A focus on existing infrastructure will pay dividends

David Clark

David Clark is Chief Technology Officer at Clas-SiC Wafer Fab Ltd, a new 150mm semiconductor wafer fab, built in Lochgelly in Scotland. This is dedicated to the manufacture of silicon carbide power products such as SiC diodes and metal-oxide-semiconductor field-effect transistors (MOSFETs).


  • The strategy is focussed on these skills and technologies where the UK has existing strengths
  • Used wisely, the investment outlined in the strategy could make a significant difference to the sector
  • A number of funding streams already exist
  • Support for existing infrastructure offers reduced risk in expanding the sector
  • Funds for scale-up are difficult to access.

Clas-SiC Wafer Fab is an open, pure-play foundry that fabricates silicon carbide semiconductor devices. It carries out fast prototyping to aid the acceleration of R&D in areas such as net zero and the More Than Moore revolution. It has been very successful, seeing 500% revenue growth over the past year and doubling the number of customer accounts. We now have full 24/7 working with a consequent increase in headcount. The company is located in what used to be a coal mining area. In fabricating silicon carbide, we are still processing the carbon and silicon that used to be dug out of the ground in Lochgelly: so we have come full circle in a sense.

Media reaction to the launch of the National Semiconductor Strategy has not been very positive, concluding that £1 billion is not enough. Compared to the cost of a full TSMC-style wafer fab of £18 billion, it does not seem much. However, the Government strategy is concerned to “boost the UK’s strengths and skills in design, R&D and compound semiconductors”, not create TSMC wafer fabs here. Used wisely, the investment can make a significant difference. Compound semiconductor fabs, for example, do not need leading edge capability. Indeed, at Clas-SiC, we use technology developed several years ago, which is leading edge for silicon carbide, but not nearly as expensive as some other technologies.

So we believe that wisely-targeted investment using existing infrastructure would be a prudent move. We believe that will build on the strengths of existing UK wafer fabs, quite a number of whom are poised to contribute to implementation of the strategy. It is important that any new infrastructure does not compete with these existing operations. Also, support for existing infrastructure could safeguard and potentially create jobs.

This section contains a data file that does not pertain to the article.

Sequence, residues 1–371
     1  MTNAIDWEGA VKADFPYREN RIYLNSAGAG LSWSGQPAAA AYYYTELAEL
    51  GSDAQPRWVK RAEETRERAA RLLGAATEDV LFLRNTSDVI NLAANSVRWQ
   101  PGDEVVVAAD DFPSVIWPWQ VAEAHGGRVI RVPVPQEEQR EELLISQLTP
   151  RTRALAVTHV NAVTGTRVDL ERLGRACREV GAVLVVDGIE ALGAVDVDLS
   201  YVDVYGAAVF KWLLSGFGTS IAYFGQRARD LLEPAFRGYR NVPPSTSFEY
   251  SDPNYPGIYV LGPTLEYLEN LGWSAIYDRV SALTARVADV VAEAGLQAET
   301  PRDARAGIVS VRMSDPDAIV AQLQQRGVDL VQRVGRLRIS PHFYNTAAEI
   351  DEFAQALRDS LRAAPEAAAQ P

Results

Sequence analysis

This type of investment could also allow businesses to hit the ground running. Drawing on the experience of Clas-SiC, it took five years from startup to get a MOSFET field-effect transistor product approved and start production. All the time, there were customers waiting to make use of the facility. So, by building on existing infrastructure, companies can get a good start on their own programmes.

This approach also reduces risk. Things will go wrong, especially with constructing a new facility. We and other fabs have already navigated that level of risk. Clas-SiC started in 2017, we have spent £50 million and are now self-sufficient with proven technology. We have a healthy and growing customer base with demand for more.

Scaling up

The biggest challenge now is actually expanding and we need to find further funding. A small part of that £1 billion would help us to scale up as part of the Open Access infrastructure. Clas-SiC is not unique in this, it applies to many other semiconductor fabs and other sectors.

The funding climate in the UK at present is somewhat weighted against technology investments: funds are often more easily available in other international markets. So, wisely-targeted Government investment in existing semiconductor infrastructure will be most welcome and the £1 billion will go much further here than the initial press might have us believe.

The scale-up chasm remains a challenge. Government aspirations for the semiconductor industry are laudable and have brought us a good way. There are several existing R&D schemes managed by EPSRC, UKRI’s Driving the Electric Revolution (DER) programme and the Advanced Propulsion Centre (APC), as well as other mid-Technology Readiness Level (TRL) programmes applicable to semiconductors. These are good schemes, taking projects through to initial production. But the UK seems to have a challenge in how to turn all that great science and technology into sustainable manufacturing jobs, ones which remain in the UK because too many of them end up going offshore. That needs to be tackled.

The Government is due to announce plans in the autumn that will include support for investment in the UK semiconductor manufacturing and for scale-up. We welcome that. However, there is a lack of clarity on how to enable scale-up. At the moment the road ahead seems a bit foggy and it is not actually quite clear how it all fits together and makes a difference.

It has, though, been good to see this initial £1 billion investment and the launch of the National Semiconductor Strategy. If it is implemented well, it could produce a win-win solution for industry and the Government. The existing R&D schemes work well but now we need to focus on how to resolve the problems beyond that initial stage, i.e. scale up. We will await with interest the next Government statement on this in the autumn.